Photo by Luis Müller-Wallraf


Guitar stores and people who frequent them were the main reason we had never considered owning one before. Also, blues lawyers. Also, Eric Clapton and all that.
A healthy dose of Polvo helped us get over that.

A couple of years later we had decided we needed a Strat of our own for the studio. At that stage, the dollar was no longer super cheap for us, and prices for vintge instruments were already pretty idiotic. On safari through NYC, some 70s Strats were tried at Southside (those were terrible. Nice paintjobs though), various Strats were tried at Main Drag (same story), and then half of what Ludlow had in store was tried as well.
As far as feel and sound of the instrument goes, this Mexican Strat was the real thing, beating out all the new American made ones - and the dodgy vintage ones for sure. It does the strat thing, where it makes you feel like a slightly more confident guitar player than you are. It sits on your body just right. The in between positions make you want to play Sultans Of Swing immediately. The bridge position makes you reach for Television. You know, it's all there. So it joined the list of fantastic gear we bought at Ludlow (how we miss that store, and how we miss the LES). To make it feel like ours, the Baptist Generals sticker was added a day or so after it was bought and has stayed on ever since (Sidenote: listen to more Baptist Generals!).

A couple of years later our guitar tech convinced us of Kinman pickups. Again, reading about them we had all the usual concerns (blues lawyers! or maybe, in this case, blues legal aides!) but we tried them and they made this guitar REALLY shine. They are indeed dead quiet (which we didn't really care bout), but most importantly they add a sort of piano-like chime and authority to the sound which is quite fantastic.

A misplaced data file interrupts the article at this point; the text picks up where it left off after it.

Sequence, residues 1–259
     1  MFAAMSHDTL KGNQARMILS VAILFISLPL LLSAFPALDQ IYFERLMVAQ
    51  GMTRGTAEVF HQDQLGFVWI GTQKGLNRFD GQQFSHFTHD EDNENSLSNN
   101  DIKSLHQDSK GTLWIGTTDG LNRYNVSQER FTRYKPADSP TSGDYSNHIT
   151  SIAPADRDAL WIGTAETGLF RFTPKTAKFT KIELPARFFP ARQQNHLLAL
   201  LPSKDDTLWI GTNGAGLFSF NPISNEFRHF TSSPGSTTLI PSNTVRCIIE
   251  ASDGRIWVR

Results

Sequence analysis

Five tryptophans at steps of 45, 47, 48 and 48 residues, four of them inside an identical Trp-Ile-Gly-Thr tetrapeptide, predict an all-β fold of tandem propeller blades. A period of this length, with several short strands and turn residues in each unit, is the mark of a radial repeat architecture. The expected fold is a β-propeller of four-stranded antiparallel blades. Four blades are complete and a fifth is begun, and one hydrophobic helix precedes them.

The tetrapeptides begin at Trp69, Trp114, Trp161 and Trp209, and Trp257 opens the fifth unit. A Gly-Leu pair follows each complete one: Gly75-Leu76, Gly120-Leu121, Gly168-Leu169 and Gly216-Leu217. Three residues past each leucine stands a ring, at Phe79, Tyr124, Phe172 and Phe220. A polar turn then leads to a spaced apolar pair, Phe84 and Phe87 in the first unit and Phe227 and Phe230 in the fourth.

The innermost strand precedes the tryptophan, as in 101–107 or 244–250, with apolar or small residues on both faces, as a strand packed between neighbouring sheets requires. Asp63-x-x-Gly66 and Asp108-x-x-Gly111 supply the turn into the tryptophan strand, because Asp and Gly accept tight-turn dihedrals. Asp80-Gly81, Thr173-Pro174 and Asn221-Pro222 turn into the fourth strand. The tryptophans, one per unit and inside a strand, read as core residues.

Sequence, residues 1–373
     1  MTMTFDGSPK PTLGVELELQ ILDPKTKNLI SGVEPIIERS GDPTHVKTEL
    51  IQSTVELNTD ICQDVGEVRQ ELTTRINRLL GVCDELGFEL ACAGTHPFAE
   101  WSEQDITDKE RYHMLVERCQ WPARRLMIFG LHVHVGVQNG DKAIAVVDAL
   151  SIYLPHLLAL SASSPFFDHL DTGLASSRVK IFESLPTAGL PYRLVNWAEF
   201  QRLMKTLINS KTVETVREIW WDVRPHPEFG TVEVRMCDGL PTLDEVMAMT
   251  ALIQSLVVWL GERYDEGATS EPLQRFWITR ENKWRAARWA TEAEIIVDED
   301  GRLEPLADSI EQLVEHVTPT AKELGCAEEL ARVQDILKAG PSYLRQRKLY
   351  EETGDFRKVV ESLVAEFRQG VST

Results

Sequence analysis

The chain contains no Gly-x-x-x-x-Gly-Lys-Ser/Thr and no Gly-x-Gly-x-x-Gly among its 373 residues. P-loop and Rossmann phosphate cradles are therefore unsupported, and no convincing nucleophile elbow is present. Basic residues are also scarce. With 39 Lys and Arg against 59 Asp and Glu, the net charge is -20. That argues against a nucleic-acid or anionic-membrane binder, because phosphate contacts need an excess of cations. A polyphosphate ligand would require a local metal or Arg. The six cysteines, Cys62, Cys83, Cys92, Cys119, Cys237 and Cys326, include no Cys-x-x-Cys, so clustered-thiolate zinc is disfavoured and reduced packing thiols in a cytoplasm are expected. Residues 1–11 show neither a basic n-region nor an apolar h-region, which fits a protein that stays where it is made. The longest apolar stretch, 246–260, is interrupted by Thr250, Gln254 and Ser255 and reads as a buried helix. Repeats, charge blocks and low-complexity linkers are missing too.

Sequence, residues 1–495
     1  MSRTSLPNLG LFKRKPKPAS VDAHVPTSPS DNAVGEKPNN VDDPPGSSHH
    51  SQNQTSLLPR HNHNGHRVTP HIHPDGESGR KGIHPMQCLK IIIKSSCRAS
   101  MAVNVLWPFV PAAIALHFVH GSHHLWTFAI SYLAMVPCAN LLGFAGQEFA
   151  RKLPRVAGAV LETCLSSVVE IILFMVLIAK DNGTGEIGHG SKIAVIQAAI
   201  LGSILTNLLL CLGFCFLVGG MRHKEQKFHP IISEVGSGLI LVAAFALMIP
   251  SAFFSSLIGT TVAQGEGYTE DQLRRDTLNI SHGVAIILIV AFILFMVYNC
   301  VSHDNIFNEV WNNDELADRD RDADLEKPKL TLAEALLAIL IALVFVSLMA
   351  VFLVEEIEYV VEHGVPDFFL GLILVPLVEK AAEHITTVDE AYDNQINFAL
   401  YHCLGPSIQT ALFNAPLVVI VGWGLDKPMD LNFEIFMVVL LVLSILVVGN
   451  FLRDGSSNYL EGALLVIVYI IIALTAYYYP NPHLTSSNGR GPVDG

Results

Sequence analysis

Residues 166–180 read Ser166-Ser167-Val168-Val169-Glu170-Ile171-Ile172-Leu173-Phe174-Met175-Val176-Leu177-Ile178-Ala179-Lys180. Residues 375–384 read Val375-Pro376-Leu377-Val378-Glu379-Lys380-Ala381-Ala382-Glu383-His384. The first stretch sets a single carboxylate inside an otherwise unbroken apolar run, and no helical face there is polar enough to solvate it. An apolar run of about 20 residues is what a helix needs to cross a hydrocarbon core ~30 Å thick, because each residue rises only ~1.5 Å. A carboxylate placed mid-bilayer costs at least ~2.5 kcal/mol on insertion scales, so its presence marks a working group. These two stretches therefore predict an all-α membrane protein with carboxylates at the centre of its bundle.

Many inspirational guitarists talk of how the best results are often achieved with an instrument that has you struggle with it. That puts up a fight. This one is the opposite. When the fingers are hurting already after a long session, when muscle memory seems wonky and off by a half step most of the time, when each and every guitar neck feels angled the wrong way just slightly - this one will be a welcoming home.When Locas In Love made a trip to All Tomorrows Parties in Upstate New York we saw countless fantastic concerts, but not least we were struck by just how many people played Stratocasters. Built To Spill had more Strats on stage than we had seen at shows over the two years prior combined. They also sounded pretty great.